Full Text Available Micro-grid project transfer is the primary issue of micro-grid development. The efficiency and quality of the micro-grid project transfer directly affect the quality of micro-grid project construction and development, which is very important for the sustainable development of micro-grid. This paper constructs a multi-attribute auction model of micro-grid project transfer, which reflects the characteristics of micro-grid system and the interests of stakeholders, calculates the optimal bidding strategy and analyzes the influence of relevant factors on auction equilibrium by multi-stage dynamic game with complete information, and makes a numerical simulation analysis. Results indicate that the optimal strategy of auction mechanism is positively related to power quality, energy storage quality, and carbon emissions. Different from the previous lowest price winning mechanism, the auction mechanism formed in this paper emphasizes that the energy suppliers which provide the comprehensive optimization of power quality, energy storage quality, carbon emissions, and price will win the auction, when both the project owners and energy suppliers maximize their benefits under this auction mechanism. The auction mechanism is effective because it is in line with the principle of individual rationality and incentive compatibility. In addition, the number of energy suppliers participating in the auction and the cost of the previous auction are positively related to the auction equilibrium, both of which are adjusting the equilibrium results of the auction. At the same time, the utilization rate of renewable energy and the comprehensive utilization of energy also have a positive impact on the auction equilibrium. In the end, this paper puts forward a series of policy suggestions about micro-grid project auction. The research in this paper is of great significance to improve the auction quality of micro-grid projects and promote the sustainable development of micro-grid.

  4. LHCb Distributed Data Analysis on the Computing Grid

    CERN Document Server

    Paterson, S; Parkes, C

    2006-01-01

    LHCb is one of the four Large Hadron Collider (LHC) experiments based at CERN, the European Organisation for Nuclear Research. The LHC experiments will start taking an unprecedented amount of data when they come online in 2007. Since no single institute has the compute resources to handle this data, resources must be pooled to form the Grid. Where the Internet has made it possible to share information stored on computers across the world, Grid computing aims to provide access to computing power and storage capacity on geographically distributed systems. LHCb software applications must work seamlessly on the Grid allowing users to efficiently access distributed compute resources. It is essential to the success of the LHCb experiment that physicists can access data from the detector, stored in many heterogeneous systems, to perform distributed data analysis. This thesis describes the work performed to enable distributed data analysis for the LHCb experiment on the LHC Computing Grid.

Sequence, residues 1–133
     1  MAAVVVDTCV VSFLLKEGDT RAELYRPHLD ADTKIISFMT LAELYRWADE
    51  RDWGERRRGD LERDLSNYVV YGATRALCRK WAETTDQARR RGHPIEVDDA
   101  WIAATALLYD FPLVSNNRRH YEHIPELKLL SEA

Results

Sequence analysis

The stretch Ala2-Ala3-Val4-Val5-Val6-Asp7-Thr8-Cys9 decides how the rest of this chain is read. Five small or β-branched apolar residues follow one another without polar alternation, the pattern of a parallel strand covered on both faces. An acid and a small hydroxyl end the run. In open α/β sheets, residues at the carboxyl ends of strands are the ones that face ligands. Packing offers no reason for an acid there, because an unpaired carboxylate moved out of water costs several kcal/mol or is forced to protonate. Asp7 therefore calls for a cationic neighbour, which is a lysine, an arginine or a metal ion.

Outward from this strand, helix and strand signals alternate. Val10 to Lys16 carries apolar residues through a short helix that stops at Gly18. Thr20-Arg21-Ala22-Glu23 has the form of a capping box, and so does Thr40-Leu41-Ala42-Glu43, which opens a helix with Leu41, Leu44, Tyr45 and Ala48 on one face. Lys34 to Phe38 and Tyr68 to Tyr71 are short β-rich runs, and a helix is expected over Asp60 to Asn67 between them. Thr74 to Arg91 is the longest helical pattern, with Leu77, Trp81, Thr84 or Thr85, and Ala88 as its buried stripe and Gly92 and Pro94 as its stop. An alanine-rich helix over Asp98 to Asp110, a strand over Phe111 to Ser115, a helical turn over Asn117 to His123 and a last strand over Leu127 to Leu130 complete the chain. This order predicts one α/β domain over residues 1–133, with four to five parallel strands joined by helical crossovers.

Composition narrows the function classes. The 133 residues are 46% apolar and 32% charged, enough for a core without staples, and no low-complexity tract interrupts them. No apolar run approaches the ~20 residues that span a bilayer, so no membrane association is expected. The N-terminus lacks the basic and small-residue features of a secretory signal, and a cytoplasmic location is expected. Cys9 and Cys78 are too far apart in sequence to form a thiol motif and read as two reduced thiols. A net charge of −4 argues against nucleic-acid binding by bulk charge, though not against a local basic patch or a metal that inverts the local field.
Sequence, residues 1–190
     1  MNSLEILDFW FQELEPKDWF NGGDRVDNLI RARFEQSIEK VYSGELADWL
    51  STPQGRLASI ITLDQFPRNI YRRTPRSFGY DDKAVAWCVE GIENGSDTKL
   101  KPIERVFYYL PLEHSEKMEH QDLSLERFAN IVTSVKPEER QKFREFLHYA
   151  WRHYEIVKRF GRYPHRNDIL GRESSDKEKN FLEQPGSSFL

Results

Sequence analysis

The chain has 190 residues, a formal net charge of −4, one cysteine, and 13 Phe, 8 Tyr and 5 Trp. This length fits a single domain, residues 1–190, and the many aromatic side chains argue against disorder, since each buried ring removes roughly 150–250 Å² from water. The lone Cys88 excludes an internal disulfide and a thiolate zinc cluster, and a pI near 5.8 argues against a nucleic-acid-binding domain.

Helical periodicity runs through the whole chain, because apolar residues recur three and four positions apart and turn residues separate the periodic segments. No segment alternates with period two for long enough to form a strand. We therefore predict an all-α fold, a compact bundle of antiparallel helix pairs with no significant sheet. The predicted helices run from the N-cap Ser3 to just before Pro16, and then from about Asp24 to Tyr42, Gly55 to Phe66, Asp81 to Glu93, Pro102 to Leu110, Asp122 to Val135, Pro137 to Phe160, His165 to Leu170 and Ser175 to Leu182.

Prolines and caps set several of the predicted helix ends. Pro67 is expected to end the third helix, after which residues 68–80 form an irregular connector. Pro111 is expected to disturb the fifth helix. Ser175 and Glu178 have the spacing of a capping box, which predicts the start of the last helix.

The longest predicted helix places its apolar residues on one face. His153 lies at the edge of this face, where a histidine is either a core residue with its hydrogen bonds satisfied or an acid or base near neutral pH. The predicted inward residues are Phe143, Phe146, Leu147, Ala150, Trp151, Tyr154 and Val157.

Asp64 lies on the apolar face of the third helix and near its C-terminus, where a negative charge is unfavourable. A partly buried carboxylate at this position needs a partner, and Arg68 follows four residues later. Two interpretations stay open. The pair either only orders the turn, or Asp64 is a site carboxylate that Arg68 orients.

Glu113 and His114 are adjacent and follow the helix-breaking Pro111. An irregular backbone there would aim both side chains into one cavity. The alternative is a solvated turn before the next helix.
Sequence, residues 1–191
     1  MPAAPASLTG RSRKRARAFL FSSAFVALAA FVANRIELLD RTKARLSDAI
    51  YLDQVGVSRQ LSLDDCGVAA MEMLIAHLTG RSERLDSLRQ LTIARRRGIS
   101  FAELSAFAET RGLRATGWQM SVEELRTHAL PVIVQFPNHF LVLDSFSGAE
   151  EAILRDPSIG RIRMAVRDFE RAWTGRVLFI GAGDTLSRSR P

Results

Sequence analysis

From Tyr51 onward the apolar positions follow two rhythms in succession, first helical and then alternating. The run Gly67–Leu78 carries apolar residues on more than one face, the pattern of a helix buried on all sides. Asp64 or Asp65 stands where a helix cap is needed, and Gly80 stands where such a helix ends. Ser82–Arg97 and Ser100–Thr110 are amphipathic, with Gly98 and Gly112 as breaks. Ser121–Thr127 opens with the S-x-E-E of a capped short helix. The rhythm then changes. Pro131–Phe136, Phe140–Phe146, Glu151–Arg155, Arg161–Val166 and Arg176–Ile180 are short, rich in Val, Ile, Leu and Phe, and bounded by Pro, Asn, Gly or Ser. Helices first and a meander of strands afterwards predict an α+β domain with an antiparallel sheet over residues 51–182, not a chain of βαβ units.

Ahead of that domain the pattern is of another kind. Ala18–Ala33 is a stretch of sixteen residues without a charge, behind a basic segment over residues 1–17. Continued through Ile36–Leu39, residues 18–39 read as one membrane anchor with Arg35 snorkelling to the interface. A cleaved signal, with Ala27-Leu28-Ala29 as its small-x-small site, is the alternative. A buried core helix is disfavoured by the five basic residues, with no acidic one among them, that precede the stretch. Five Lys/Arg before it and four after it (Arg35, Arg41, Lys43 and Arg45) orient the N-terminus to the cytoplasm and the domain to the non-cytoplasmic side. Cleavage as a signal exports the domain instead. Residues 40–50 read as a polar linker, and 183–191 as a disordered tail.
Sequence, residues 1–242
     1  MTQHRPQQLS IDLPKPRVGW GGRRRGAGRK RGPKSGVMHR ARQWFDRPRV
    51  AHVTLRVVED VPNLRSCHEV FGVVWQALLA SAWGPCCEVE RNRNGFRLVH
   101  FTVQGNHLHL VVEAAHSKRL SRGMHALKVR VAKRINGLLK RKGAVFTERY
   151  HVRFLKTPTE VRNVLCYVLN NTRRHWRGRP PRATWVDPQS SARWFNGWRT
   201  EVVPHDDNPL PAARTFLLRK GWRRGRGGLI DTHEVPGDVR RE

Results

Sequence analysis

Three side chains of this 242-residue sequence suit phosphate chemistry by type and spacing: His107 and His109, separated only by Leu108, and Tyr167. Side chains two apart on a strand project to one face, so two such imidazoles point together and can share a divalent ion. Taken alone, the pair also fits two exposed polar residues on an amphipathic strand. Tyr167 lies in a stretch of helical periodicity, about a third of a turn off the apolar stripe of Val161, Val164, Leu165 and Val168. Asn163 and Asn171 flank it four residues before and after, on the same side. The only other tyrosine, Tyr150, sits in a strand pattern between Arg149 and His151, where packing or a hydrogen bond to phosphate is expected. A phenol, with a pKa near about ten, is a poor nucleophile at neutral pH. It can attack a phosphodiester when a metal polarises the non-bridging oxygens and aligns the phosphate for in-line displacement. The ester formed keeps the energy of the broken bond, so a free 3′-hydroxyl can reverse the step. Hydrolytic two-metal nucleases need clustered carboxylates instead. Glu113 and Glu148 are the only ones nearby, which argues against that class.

5. Global Inventory and Analysis of Smart Grid Demonstration Projects

    Energy Technology Data Exchange (ETDEWEB)

    Mulder, W.; Kumpavat, K.; Faasen, C.; Verheij, F.; Vaessen, P [DNV KEMA Energy and Sustainability, Arnhem (Netherlands)

    2012-10-15

    As the key enabler of a more sustainable, economical and reliable energy system, the development of smart grids has received a great deal of attention in recent times. In many countries around the world the benefits of such a system have begun to be investigated through a number of demonstration projects. With such a vast array of projects it can be difficult to keep track of changes, and to understand which best practices are currently available with regard to smart grids. This report aims to address these issues through providing a comprehensive outlook on the current status of smart grid projects worldwide.

  6. The Hel Peninsula – Smart Grid Pilot Project

    Directory of Open Access Journals (Sweden)

    Sławomir Noske

    2014-12-01

    Full Text Available The paper presents the scope and results of engineering, and the scope of Smart Grid deployment in the Hel Peninsula. The following functionalities will be described: Fault Detection, Isolation & Recovery – FDIR function, Integrated Volt/Var Control (IVVC function, advanced supervision of LV grid, including distributed energy resources. The paper contains implementation results and research findings, as well as preliminary cost-benefit analysis of the project. Moreover, since Smart Metering and Smart Grid projects are being deployed in the same region – the Hel Peninisula – the benefit achieved by merging the two projects will be explained.

  7. Lambda Data Grid: Communications Architecture in Support of Grid Computing

    Science.gov (United States)

    2006-12-21

    the trillions of collisions at the Large Hadron Collider produce a Higgs boson , the dark matter particle or a black hole? Can we create an...YearNuclear physics 1 PB/yearSLAC (BaBar experiments) 10 PB/yearCERN LHC ( Higgs boson search) 5 PB/yearRHIC (Quark-gluon plasma experiments) ᝺ PB/yearCEBAF...projects, taken from the very large number of projects in progress. High Energy Physics (HEP) – Finding ‘ Higgs ’ particle associated with mass is one of